SOCIAL MEDIA

12.18.2017

Classic Sugar Cookie & Royal Icing Recipe


Growing up, sugar cookies were always a staple at Christmas time. I made them every year with my siblings, and we loved to decorate them together. The problem with sugar cookies is everyone makes them differently... Some like them cakey, others like them crispy. I, on the other hand, have always loved them soft and chewy... Chips are supposed to crunch... not sugar cookies! 😉 When I was a teenager, one of my friend's moms (Hi Tammy! 😄) made the best chewy sugar cookies on the planet... I asked her what her recipe was once and she just said it was the classic Betty Crocker sugar cookie recipe... Well, a few years ago, I finally stumbled onto the same recipe that Tammy uses! I tried it with my sisters, and it was an immediate hit! Over the past couple of years we've made them over and over, and finally figured out some little tricks to get the perfect chewy sugar cookie... I also discovered royal icing... which makes your cookies super adorable as well! Scroll down for the recipes.





Classic Sugar Cookie Recipe
Makes 15-18 large, thick sugar cookies. I usually double the recipe for around 30 cookies.

1 1/2 cups powdered sugar

2 sticks salted butter, softened

1 tsp vanilla

1/2 tsp almond extract

1 egg

2 1/2 cups all purpose flour

1 tsp baking soda

1 tsp cream of tartar

Directions:

1. Mix powdered sugar, butter, vanilla, almond, and egg until smooth (I use a kitchen aid mixer). Stir in remaining ingredients until smooth.

2. Cover and refrigerate for 2-3 hours (You can also refrigerate overnight if you like).

3. Preheat oven to 375. Lightly grease cookie sheet.

4. Remove from refrigerator and divide dough in half. You may need to let the dough sit for 30 mins or so to make it more workable. Work it with your hands to smooth it out, then roll out onto a floured surface. Make sure to flour your rolling pin to get an extra smooth, even surface on the cookie dough. I like to roll it to about 1/4 inch (or more) thickness. The thicker the cookie the chewier it gets. I use a large round glass to cut out my cookies, but you can also use any large shaped cookie cutters. Your cookies should be easy to pick up off the floured surface and place directly on the pan.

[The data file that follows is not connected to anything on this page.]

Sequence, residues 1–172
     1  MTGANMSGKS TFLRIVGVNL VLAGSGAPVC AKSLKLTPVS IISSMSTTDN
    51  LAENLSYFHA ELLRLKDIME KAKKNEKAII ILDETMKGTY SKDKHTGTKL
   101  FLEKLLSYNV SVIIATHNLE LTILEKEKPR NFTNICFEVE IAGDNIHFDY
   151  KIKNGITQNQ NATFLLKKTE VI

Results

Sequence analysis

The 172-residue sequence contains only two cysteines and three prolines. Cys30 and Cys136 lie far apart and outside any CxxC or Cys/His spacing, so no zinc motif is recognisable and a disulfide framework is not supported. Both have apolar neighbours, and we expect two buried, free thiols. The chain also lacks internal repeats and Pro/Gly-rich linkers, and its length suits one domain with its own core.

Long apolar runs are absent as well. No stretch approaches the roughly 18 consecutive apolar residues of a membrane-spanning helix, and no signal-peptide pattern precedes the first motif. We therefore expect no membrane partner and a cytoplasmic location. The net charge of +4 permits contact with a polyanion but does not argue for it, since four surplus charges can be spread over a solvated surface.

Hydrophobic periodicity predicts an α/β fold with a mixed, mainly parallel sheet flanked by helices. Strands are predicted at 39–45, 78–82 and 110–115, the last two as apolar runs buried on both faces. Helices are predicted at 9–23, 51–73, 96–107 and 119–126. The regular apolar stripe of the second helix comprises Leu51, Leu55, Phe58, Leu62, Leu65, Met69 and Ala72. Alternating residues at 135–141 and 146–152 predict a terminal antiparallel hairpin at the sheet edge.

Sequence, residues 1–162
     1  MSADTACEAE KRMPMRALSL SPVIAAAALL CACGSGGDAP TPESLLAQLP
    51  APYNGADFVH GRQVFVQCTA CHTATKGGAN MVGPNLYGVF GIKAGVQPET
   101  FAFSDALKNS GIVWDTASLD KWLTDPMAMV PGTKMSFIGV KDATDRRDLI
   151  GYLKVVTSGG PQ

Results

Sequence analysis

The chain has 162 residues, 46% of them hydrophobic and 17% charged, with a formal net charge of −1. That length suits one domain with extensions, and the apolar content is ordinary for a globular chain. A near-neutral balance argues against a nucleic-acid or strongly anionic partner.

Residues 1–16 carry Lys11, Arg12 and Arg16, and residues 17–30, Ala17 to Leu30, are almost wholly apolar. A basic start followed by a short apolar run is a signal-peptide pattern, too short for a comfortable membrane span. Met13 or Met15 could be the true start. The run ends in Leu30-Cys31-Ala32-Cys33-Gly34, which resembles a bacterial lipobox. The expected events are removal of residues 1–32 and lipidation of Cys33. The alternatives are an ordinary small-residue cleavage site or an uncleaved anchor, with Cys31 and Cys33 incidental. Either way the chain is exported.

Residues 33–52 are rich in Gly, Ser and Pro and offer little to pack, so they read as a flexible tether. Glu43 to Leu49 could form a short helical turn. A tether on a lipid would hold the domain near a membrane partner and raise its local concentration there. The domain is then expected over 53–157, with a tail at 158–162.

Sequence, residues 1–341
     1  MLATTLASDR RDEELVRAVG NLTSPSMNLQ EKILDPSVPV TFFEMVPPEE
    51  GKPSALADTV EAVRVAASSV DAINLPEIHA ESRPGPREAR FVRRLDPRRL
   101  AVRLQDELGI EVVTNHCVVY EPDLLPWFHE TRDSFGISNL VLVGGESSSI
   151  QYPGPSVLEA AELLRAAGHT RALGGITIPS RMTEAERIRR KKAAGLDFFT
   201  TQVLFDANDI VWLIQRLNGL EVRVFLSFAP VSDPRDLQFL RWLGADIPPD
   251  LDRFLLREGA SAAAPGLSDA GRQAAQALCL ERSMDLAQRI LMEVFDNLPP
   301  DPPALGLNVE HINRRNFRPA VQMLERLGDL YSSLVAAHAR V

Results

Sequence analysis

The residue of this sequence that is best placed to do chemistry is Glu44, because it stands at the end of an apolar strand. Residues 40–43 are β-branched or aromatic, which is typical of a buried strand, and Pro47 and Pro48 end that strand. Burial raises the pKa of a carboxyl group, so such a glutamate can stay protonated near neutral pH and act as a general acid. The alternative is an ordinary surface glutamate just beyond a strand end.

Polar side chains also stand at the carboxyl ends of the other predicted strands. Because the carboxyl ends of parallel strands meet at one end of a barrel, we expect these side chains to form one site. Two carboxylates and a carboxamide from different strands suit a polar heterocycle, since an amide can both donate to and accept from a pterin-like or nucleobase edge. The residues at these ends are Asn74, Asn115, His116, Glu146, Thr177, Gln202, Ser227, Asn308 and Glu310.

5. I bake mine for about 5 1/2 - 6 minutes. Every oven is different, so keep an eye on them. The main goal with these cookies is to have NO COLOR at all. If they start to get golden in the least bit they have gone too long, and will most likely dry out easily. I usually pull mine out around 5-6 mins. You might think they aren't done yet, but you want the center to look a little gooey. If you let them cool on the pan for about 10 mins you will see the center start to set up, but still look moist. This is what makes them so chewy! All white cookies means the best flavor/texture! After they are firm enough to move I transfer them to wax paper to continue cooling.

6. Let them completely cool before icing.









Royal Icing Recipe 

Royal icing has become a fad recently... I love it because it can make your cookies look so pretty, plus it tastes amazing too! Most recipes I have seen call for meringue powder, but I use the old fashioned egg white kind. If you are worried about the raw egg white you can refrigerate the cookies, but I have never had any problems with leaving the cookies out once the icing dries.

Ingredients

2 egg whites
2 cups of powdered sugar
1/2 tsp vanilla
1/2 tsp almond extract

Directions

Combine all ingredients with a whisk by hand or a kitchen aid mixer with whisk attachment. Make sure there are no lumps in the icing.

For those of you who are royal icing newbies... Here are a few things you should know. There are two types of royal icing.

1. Piping Icing